“We do, too!” She said. “He is my little prince. He was born prematurely.” We talked briefly about her William, and then eased back into orthodontic talk surrounding Elizabeth.

As we were leaving, I mentioned that my William would be coming to see her soon, as well. She asked what she would be seeing him for, and I mentioned a cross bite and the need for an expander, because his mouth plate was too small for all of his teeth. I told her he had Down syndrome, so these issues were quite typical, and she nodded knowingly and asked how he did at the dentist. I told her it was a big struggle at first, but the last two visits, now with Dr. LaRock, had gone quite smoothly. Great, she said, maybe I could bring him in on Elizabeth’s next visit to get him comfortable here. Then, she shared with me that her William also had learning issues, due to his prematurity, but he had a great teacher this year, the same one her other son had the previous year, so she was much relieved. I replied to that, “Yes, I understand. Every year, it’s like starting at zero. It’s a wonderful relief when you don’t have to.”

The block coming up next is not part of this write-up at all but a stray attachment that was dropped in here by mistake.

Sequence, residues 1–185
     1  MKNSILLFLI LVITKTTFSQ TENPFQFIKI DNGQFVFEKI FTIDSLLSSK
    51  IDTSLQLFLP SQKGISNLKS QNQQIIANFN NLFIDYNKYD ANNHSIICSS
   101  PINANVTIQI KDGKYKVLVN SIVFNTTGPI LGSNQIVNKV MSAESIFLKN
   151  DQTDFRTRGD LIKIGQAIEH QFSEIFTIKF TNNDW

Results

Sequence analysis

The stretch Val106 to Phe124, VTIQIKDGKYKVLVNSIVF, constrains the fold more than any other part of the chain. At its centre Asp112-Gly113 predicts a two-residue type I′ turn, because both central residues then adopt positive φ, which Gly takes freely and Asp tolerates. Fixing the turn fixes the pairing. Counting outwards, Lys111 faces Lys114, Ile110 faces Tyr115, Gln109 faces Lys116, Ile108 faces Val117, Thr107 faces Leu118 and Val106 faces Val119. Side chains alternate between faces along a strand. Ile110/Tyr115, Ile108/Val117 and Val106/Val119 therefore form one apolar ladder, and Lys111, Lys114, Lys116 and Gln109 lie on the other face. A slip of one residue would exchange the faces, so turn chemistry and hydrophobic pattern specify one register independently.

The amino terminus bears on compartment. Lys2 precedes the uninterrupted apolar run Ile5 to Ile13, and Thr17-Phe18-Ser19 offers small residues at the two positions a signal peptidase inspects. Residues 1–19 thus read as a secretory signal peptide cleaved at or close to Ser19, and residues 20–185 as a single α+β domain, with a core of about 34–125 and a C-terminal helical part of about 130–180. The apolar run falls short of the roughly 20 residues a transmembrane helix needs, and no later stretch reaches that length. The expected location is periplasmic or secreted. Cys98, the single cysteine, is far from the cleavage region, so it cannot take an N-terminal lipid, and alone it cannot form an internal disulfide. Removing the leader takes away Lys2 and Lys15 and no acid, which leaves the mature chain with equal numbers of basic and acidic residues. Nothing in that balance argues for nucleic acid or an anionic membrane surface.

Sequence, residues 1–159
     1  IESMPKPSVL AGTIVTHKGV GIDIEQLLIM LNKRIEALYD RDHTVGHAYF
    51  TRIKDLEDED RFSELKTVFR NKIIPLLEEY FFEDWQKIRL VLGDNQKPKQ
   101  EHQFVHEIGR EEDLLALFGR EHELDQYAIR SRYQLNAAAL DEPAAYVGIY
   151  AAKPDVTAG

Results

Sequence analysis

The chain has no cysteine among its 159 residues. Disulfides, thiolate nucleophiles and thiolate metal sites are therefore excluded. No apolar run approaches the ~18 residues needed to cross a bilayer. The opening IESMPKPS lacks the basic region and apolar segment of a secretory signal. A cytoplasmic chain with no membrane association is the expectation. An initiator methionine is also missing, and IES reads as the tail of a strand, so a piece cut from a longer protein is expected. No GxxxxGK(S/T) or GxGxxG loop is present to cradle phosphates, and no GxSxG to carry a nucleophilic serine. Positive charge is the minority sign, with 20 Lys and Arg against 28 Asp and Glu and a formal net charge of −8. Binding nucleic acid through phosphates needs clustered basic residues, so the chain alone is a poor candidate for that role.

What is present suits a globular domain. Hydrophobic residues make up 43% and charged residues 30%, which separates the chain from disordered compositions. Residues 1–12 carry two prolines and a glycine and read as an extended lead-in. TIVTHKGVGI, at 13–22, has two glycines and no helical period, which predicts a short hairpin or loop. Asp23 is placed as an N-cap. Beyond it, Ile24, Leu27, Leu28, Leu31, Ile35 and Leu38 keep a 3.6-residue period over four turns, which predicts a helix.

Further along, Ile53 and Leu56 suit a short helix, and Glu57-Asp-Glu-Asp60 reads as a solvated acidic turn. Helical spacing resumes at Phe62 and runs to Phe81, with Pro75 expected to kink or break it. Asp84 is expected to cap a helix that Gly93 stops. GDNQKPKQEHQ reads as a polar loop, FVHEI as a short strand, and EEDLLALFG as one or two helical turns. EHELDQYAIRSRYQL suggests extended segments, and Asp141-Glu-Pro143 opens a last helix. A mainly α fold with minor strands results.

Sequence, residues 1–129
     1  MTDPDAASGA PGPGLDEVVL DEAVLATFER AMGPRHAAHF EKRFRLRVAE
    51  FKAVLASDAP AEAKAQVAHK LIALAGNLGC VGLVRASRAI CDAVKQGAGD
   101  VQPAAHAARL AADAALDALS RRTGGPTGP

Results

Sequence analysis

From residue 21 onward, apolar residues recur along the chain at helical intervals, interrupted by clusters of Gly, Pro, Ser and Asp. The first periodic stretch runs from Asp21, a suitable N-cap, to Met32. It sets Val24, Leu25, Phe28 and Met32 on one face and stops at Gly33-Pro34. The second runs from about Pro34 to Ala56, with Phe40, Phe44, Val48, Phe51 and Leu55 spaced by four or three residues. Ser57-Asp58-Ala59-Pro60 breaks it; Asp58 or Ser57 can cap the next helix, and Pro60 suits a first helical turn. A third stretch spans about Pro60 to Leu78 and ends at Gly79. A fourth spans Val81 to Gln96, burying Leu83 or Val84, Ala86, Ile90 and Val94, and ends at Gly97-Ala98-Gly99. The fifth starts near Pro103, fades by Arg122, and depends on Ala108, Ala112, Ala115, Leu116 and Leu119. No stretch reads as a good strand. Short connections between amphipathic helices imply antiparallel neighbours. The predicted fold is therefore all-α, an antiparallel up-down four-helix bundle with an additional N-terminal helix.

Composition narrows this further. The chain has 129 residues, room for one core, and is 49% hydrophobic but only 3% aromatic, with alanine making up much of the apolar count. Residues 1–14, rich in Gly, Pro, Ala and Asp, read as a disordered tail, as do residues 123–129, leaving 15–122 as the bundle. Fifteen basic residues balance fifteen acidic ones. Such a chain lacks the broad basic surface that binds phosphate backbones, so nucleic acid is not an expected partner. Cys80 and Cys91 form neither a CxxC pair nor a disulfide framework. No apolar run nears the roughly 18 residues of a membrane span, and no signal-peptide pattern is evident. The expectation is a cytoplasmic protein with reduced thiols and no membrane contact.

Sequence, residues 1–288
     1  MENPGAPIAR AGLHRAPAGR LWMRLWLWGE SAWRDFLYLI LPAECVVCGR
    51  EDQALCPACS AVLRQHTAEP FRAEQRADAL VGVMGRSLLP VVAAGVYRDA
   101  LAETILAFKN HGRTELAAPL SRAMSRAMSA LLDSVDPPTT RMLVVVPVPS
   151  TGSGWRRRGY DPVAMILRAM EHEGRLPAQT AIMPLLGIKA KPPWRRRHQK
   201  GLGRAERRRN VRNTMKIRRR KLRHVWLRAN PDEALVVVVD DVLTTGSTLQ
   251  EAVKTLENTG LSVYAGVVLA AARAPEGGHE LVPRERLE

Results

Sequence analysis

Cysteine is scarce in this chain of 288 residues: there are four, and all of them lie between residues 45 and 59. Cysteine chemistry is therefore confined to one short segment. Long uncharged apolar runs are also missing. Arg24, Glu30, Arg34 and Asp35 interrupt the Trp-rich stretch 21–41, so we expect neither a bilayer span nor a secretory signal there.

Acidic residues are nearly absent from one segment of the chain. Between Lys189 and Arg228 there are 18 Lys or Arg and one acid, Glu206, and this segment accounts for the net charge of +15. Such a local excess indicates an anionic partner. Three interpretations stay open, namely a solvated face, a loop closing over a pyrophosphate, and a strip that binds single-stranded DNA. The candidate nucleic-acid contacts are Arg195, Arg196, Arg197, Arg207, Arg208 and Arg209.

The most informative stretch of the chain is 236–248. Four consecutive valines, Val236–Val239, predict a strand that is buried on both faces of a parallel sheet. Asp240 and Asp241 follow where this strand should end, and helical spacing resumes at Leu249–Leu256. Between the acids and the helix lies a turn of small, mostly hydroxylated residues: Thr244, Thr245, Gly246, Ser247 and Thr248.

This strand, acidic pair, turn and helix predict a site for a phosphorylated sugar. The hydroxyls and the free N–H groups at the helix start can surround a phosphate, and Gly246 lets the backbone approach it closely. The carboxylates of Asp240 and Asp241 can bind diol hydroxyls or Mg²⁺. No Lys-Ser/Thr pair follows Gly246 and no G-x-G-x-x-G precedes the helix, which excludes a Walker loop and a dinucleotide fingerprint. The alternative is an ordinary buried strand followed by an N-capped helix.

“Ah, yes!” She nodded in agreement, “It’s exactly that, isn’t it? With all of his academic issues, I just want him to be happy at school.”

There are so many pieces that go together to make that work, the parents, the siblings, the IEPs, the teachers, the assistants, the special ed director, the therapists, the peers, and the laws to be upheld if not being adhered to. I have found, in this journey with a child with special needs, the explaining can be freaking exhausting. When I happen upon a doctor, or a school administrator, that just gets it like she does, I know I have struck gold.

The royal woman who shares my daughter’s name will undoubtedly be Wil’s orthodontist.